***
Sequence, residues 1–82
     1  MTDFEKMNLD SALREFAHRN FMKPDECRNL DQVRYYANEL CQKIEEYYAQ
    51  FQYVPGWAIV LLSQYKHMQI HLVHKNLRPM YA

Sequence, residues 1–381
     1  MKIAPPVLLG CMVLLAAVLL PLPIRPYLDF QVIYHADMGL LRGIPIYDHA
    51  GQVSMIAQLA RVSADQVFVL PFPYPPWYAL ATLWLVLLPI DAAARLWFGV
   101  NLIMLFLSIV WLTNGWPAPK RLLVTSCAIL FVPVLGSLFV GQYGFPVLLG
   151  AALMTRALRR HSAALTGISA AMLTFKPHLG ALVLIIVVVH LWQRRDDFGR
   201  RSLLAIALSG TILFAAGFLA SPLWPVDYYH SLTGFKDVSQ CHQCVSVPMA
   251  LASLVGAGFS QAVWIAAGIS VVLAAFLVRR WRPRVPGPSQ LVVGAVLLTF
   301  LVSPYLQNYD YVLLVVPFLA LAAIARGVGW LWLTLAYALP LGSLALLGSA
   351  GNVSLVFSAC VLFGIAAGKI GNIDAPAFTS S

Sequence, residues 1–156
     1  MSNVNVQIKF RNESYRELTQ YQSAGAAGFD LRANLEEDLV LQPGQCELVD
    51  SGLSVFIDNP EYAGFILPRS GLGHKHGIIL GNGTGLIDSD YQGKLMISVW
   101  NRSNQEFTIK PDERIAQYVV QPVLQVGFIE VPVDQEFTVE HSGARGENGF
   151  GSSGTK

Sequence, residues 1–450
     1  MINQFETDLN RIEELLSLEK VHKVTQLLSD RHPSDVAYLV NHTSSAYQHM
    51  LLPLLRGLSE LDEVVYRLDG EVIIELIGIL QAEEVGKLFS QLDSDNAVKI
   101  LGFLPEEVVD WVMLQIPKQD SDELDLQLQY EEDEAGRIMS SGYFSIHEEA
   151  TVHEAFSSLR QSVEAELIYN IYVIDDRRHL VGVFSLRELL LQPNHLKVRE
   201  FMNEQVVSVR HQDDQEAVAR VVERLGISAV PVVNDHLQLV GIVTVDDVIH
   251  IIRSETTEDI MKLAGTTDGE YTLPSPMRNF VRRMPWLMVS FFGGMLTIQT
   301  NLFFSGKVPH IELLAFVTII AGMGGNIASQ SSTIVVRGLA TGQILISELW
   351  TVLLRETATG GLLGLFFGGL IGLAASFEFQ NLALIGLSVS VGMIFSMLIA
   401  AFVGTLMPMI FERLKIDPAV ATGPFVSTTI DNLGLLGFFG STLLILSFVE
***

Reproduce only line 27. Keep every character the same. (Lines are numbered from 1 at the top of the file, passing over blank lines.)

   401  AFVGTLMPMI FERLKIDPAV ATGPFVSTTI DNLGLLGFFG STLLILSFVE